Few collectors would evaluate recent American coinage as being of intelligent design. However, more and more, it is beginning to look like that is precisely what we will get with the 2014 baseball commemorative coins.
On the reverse, which is the convex side, which curves out, will be a baseball. At long last, imagine having a coin design that is virtually 3-D. And we won’t have to wear special theater glasses to see it.
Though the common obverse design has not yet been chosen, the compelling logic as ordained by the shape of the planchet is that a baseball glove be used. This is the concave side, or curving inward, which is just what a baseball glove does.
Such a design would be intelligent. That doesn’t mean we will end up with it come September when the choice is announced. However, if you were Treasury Secretary Jack Lew, what would you choose?
All three coins will share the shape and designs. Obviously, on the small $5 gold piece, the visual impact will be less, but because the color of gold very nearly matches the color of a baseball glove, it will look more lifelike than what we are used to seeing on coins.
The silver dollar is not quite baseball size, but it is close enough that it will resemble a baseball, especially if it has a nice white frosted look to it. The clad half dollar won’t be all that far behind on the reality scale.
Dare collectors hope that we will actually be presented with something that not only is art, but good, clever, all-American art?
It is about time that something gives the Buffalo nickel design a run for the title of most American art. Classic art is all well and good, but if you want to tug at my heart strings, I think the baseball and glove will win hands down.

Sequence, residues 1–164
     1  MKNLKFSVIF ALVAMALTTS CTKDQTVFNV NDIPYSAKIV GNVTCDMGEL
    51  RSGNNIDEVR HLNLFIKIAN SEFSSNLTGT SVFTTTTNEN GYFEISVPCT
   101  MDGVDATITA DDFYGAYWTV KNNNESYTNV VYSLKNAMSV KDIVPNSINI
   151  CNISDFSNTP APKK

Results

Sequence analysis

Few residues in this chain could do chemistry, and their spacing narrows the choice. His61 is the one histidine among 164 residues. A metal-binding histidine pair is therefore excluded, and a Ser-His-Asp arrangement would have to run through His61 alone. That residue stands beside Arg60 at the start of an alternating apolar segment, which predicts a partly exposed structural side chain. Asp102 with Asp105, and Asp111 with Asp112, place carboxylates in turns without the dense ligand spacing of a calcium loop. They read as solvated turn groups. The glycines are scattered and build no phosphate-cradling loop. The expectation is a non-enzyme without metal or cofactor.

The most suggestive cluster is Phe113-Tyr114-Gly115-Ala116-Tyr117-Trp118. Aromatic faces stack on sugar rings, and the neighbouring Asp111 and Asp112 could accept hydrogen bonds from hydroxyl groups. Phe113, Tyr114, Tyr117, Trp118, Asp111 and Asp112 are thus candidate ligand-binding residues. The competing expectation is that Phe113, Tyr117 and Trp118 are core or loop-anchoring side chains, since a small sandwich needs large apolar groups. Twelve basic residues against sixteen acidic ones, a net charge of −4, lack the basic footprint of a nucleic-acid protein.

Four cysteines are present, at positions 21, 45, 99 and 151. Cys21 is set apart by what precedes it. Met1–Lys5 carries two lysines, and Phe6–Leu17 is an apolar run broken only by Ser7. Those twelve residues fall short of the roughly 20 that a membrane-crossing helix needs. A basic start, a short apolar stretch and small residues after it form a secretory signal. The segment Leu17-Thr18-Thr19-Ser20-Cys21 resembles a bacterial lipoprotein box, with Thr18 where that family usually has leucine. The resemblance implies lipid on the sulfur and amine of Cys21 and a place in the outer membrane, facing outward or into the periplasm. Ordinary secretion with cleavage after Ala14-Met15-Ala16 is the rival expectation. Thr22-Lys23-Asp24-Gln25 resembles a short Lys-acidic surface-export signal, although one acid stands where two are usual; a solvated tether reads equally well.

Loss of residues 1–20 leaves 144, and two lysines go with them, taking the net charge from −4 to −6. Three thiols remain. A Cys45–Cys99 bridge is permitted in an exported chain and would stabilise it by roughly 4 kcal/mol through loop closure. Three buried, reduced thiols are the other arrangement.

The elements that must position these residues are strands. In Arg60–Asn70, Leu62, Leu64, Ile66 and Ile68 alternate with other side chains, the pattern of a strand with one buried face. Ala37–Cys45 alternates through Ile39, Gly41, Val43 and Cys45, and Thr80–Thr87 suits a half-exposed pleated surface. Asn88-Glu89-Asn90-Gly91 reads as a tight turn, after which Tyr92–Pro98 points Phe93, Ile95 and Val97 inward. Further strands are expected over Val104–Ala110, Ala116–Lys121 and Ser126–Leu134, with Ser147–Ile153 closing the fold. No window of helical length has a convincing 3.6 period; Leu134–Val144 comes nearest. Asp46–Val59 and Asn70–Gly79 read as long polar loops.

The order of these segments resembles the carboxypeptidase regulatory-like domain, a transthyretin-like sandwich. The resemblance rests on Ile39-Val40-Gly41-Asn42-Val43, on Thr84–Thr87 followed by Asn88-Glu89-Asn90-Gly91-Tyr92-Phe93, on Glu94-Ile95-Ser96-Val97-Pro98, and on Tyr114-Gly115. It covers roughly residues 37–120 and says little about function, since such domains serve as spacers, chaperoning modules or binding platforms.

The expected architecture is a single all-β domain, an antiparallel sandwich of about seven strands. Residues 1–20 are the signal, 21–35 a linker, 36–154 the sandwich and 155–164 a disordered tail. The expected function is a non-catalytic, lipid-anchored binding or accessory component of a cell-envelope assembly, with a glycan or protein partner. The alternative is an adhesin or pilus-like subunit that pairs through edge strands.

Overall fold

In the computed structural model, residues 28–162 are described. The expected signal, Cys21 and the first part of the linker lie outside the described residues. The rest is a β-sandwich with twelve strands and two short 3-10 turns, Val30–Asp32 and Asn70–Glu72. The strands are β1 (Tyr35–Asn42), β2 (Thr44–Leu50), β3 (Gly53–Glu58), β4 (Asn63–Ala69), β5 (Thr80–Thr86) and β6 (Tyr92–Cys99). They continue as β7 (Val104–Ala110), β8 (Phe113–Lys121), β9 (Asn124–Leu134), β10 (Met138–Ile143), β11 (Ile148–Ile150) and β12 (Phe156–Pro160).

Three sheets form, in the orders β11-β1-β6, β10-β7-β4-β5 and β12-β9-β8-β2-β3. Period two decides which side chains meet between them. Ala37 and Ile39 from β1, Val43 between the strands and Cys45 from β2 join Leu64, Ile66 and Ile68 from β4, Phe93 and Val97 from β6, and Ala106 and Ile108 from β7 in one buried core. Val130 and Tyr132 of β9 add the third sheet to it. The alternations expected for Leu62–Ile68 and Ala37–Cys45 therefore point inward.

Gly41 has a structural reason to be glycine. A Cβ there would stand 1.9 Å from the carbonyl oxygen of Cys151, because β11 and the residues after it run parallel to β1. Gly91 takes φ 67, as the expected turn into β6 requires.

It is not a done deal yet. Something could spoil it, but I am keeping my fingers crossed.
With these coins we might actually see a sellout of the 50,000 gold and 400,000 silver dollars. I am less optimistic about the 750,000 clad half dollars selling out, but perhaps there will be a little numismatic baseball fever to move it along.
My feelings aside, numismatics has not been particularly excited by baseball themes. Those of us who thought they are a natural fit were surprised by how badly the Jackie Robinson coins did. However, that just made the huge profits earned by the small number of buyers all the sweeter.
Popular coins always do badly because everyone who wants one gets one. It is the coins that are unpopular at the time of issue that get the huge price boosts on the secondary market.
So, I guess if you are hoping to buy these new coins, you will be rooting for the choice of a top-notch baseball theme and hoping that few others share your passion. How odd that seems, but that’s how it works.
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